William Blake’s drawings of Westminster Abbey
William Blake was apprenticed to the Society’s engraver James Basire from 4th August 1772 for seven years. He was sent out to old buildings and monuments to make drawings; in particular Westminster Abbey. Blake sketched many of the medieval royal tombs in preparation for engravings for Richard Gough’s Sepulchral Monuments in Great Britain (pt. 1, published 1786; pt. 2 in 1796) and the Society’s Vetusta Monumenta (1789). Blake’s experience copying the Gothic monumental effigies had a profound influence on his later aesthetic.
Seven of our nine drawings were engraved for Vetusta Monumenta to illustrate Joseph Ayloffe’s essay An Account of some Ancient Monuments in Westminster Abbey. Though they are not autographed by Blake himself, the linear style of these drawings indicate these were executed by Blake during his apprenticeship (Ayloffe comments they were conducted ‘under the inspection of Mr. Basire’). Writing in 1806, Blake’s first biographer, Benjamin Heath Malkin, lists many Westminster Abbey monuments amongst Blake’s first studies, including the tombs of Henry III, Queen Eleanor, Queen Phillipa, Edward III and Richard II. It is likely Blake also engraved some or perhaps most of his sketches.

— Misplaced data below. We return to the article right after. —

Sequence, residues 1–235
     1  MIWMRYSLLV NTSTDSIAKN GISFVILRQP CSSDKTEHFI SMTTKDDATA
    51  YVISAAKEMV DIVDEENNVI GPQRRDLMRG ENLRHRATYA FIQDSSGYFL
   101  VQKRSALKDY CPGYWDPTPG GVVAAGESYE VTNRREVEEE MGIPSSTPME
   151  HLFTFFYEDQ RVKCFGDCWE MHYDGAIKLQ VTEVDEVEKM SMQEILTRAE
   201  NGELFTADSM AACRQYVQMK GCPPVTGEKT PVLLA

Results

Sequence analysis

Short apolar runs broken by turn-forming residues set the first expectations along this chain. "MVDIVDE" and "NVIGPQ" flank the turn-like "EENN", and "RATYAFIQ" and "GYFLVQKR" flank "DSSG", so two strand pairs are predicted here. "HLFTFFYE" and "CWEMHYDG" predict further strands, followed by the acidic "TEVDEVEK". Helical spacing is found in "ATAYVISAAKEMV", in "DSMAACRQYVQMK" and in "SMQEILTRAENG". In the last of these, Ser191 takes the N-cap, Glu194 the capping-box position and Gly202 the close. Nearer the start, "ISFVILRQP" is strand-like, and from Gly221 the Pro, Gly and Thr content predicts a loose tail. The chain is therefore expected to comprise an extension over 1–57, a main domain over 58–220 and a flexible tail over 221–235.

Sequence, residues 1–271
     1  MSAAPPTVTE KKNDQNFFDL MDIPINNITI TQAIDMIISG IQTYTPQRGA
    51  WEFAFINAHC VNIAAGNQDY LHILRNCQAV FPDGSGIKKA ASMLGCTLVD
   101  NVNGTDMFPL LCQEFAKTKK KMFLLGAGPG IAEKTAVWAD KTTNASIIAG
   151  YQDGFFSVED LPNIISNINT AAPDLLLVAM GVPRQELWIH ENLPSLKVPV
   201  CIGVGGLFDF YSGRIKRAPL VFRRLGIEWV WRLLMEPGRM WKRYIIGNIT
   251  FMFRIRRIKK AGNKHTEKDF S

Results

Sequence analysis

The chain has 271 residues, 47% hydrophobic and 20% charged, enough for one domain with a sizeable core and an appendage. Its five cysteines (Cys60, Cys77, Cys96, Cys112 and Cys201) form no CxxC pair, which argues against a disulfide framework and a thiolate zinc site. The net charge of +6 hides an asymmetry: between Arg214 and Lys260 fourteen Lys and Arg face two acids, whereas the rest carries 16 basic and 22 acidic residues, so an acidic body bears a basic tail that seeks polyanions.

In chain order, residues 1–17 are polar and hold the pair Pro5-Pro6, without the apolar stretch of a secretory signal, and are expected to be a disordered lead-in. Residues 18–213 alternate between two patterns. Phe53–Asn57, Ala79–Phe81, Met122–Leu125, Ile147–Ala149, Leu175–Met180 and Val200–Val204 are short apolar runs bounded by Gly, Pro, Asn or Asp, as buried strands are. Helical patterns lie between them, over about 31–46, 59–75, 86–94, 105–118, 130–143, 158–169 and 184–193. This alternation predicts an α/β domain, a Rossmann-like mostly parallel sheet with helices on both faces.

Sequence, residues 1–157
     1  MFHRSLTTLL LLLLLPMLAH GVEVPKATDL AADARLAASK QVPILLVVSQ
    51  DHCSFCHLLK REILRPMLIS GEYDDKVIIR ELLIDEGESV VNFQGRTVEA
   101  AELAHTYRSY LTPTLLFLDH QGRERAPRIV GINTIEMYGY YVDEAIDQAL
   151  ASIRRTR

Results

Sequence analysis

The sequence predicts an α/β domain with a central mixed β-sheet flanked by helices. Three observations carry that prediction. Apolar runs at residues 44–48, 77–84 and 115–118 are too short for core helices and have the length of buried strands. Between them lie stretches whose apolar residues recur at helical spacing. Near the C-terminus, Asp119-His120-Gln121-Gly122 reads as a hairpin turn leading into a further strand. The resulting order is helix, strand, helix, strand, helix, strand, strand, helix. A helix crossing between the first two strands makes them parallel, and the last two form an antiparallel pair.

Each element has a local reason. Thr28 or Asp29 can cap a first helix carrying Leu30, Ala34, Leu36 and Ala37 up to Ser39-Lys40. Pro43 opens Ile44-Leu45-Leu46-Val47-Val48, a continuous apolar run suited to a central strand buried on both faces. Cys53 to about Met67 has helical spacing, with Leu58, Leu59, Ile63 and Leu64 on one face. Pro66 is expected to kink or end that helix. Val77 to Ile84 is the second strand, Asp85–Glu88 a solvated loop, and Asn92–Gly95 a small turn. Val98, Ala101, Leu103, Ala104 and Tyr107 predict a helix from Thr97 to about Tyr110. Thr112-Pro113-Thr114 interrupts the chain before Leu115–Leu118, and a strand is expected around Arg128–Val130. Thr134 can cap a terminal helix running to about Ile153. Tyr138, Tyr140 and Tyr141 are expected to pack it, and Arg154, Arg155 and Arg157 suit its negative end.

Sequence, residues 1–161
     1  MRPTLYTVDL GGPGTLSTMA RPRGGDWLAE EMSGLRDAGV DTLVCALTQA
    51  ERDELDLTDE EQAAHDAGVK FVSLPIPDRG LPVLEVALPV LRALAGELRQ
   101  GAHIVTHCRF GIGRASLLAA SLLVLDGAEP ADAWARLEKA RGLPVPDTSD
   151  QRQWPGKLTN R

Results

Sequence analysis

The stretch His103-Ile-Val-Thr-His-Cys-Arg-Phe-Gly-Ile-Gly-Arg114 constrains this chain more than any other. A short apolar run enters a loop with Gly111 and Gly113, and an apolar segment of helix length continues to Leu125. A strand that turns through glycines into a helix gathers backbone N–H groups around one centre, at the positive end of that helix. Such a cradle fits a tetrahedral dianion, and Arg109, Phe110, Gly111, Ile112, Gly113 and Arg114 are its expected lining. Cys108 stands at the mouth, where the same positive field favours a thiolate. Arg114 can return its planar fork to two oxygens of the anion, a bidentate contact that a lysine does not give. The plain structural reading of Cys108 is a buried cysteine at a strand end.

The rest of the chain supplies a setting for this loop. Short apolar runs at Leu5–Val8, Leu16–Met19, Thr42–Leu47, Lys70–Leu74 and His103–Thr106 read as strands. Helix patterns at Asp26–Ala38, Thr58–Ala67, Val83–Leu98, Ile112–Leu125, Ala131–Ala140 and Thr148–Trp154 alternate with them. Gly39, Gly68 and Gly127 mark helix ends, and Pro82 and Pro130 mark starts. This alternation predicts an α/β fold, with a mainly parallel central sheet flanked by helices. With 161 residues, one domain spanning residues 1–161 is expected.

As an apprentice to Basire, Blake learnt the techniques necessary to become a copy engraver. This would have included using engraving and etching tools, preparing copperplates, learning mirror writing, preparing and inking plates, preparing paper for printing, and using copperplate-rolling presses. From Basire’s teaching of relief-etching, Blake later devised his own method which he called ‘illuminated printing’.
You can view the engravings of the Society’s drawings in the digital edition of Vetusta Monumenta with commentary here:
Plates 2.29-2.35: Three Monuments in Westminster Abbey
“Blake’s apprenticeship in Westminster Abbey” in The Paintings and Drawings of William Blake, Studies in British Art. Butlin, Martin (1981).
“William Blake in Westminster Abbey, 1774-1777” in The Bodleian Library Record, vol. 22, no. 2: 162-80. Crosby, Mark (2009).